Friday 25 May 2018

Dublin star Dean Rock attends one of the first Paddy's Day parades for users of Stewarts Care

Dublin footballer Dean Rock and Mayor of South Dublin County Council Paul Gogarty were in attendance
Dublin footballer Dean Rock and Mayor of South Dublin County Council Paul Gogarty were in attendance
Fiona Dillon

Fiona Dillon

One of the first Paddy’s Day parades in the country took place in Dublin today at Palmerstown.

Months of preparation went into preparing the floats by the service users of Stewarts Care, according to Dublin football legend Dean Rock, who works there.

“The parade showcases all that is positive about Stewart’s care and the area of Palmerstown,” he commented.

"Service users, staff and people of the local community come together to take part in the wonderful event. It is an event that service users really look forward to each year and the number of people taking part has grown each year,” he said.

Stewarts provides care for adults with intellectual disabilities. There is a school and pre-school on campus as well.

The Paddy's Day parade has become an annual event, and the Garda Band provided the rousing music this morning. The theme was “Irish Myths and Legends”, and the parade saw school children from Stewarts school and the pre-school enjoying the festivities.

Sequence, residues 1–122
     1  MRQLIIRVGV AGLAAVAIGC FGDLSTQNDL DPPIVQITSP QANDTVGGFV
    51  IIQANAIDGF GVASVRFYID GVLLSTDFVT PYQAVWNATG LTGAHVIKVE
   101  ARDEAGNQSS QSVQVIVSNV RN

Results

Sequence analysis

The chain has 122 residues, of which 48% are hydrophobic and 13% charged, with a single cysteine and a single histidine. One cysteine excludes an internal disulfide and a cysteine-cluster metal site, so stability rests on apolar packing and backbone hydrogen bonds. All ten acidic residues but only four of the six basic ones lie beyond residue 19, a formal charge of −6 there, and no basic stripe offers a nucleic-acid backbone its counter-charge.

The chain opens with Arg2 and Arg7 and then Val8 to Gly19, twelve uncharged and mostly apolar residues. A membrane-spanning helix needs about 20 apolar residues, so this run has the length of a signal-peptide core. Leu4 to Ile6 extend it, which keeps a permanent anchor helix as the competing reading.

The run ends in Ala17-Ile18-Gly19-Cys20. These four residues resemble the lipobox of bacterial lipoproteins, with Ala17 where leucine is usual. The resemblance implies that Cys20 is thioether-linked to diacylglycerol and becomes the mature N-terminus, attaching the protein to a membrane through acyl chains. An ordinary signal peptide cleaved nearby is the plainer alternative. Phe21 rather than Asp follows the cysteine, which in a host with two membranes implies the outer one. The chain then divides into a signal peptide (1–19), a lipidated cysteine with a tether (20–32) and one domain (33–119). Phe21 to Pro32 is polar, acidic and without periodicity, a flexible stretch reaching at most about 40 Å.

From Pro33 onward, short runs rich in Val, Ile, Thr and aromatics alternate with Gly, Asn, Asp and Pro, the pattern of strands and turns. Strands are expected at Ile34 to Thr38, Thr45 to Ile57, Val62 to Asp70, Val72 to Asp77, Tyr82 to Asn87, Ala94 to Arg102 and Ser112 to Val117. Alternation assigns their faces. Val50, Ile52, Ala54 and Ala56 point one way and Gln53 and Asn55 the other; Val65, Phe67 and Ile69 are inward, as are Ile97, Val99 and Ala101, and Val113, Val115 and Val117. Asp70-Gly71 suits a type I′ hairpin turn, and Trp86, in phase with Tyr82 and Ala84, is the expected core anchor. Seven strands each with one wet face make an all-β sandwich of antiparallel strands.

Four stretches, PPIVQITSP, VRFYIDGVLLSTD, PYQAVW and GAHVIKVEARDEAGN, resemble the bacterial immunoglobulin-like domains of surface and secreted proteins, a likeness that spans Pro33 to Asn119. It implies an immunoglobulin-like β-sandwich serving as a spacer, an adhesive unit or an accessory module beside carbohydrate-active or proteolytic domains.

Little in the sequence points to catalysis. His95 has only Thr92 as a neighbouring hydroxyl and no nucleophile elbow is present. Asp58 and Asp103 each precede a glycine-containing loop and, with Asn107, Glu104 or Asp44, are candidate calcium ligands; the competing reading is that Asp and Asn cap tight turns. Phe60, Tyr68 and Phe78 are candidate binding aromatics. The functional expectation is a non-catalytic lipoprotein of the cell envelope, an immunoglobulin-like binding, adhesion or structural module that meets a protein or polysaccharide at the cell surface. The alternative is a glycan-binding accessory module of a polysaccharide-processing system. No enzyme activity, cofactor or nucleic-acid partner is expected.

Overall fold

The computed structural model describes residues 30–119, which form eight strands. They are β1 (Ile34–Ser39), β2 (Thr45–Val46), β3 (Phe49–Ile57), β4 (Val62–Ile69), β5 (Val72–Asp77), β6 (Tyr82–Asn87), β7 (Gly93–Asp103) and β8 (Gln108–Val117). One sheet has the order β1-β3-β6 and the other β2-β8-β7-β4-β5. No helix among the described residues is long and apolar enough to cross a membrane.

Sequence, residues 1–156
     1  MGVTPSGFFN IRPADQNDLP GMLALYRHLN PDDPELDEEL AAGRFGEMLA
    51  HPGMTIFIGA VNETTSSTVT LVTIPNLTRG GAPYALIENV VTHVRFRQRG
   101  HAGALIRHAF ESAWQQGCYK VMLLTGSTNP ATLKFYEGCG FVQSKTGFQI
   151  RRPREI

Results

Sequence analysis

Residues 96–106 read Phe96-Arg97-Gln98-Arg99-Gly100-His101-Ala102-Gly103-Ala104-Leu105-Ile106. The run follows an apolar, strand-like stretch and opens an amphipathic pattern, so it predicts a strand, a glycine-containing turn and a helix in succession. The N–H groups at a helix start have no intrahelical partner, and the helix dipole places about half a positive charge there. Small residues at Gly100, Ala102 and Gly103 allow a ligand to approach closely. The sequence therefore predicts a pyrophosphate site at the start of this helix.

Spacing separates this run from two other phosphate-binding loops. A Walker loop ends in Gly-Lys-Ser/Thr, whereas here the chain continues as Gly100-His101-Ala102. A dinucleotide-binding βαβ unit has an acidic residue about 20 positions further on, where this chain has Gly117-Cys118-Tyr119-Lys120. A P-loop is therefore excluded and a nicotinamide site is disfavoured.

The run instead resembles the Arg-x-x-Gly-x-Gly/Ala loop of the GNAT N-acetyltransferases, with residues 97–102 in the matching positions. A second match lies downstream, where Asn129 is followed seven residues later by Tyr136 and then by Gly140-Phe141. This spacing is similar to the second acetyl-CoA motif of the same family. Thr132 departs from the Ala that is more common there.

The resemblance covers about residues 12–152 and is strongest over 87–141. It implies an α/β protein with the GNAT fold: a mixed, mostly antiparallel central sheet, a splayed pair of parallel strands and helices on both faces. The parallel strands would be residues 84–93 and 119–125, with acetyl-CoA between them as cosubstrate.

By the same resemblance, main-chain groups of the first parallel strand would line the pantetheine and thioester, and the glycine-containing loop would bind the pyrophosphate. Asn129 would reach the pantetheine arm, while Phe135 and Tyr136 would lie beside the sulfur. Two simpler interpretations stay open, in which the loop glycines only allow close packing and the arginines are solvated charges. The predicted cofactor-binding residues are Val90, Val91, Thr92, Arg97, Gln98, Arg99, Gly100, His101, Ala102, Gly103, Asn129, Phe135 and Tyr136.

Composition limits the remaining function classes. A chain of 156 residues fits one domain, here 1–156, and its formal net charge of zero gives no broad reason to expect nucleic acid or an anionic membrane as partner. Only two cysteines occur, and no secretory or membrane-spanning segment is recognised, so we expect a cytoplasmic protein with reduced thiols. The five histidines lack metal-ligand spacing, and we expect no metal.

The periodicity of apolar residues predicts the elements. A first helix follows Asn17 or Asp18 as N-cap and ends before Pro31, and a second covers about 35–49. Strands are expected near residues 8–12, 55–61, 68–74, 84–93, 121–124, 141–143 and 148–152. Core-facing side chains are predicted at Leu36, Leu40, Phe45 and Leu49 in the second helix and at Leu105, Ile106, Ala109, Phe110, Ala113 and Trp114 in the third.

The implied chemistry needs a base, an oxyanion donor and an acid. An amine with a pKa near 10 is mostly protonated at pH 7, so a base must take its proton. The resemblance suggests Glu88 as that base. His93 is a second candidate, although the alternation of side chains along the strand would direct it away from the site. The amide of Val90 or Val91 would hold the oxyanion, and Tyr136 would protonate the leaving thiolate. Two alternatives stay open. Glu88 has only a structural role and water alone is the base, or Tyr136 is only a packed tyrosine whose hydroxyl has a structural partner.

The Grand Marshall was Johnny Hennessy, and volunteers from the local Ulster bank acted as marshalls at the event.

“It was two months really putting the floats together. A huge amount of work goes into it. The standard of the floats is actually quite high and it’s a credit to the staff and the service users,”  said Dean. 

The parade lasted around an hour and began at Stewarts sports centre, led out by the garda band.

 It was followed by a ceili in the great hall in Stewarts main building featuring amongst others a host of ukueles and traditional music and dance.

There were up to 20 floats in the parade. Among those enjoying the day were residential service users, day attender service users, and children from the pre-school and special needs school.

He said its scheduled to take place around this time of year because it gives everyone an opportunity to view the parade elsewhere on the day. “We have got a lot of service users who don’t just come from the Dublin area, they come from all over Ireland, “ he pointed out.

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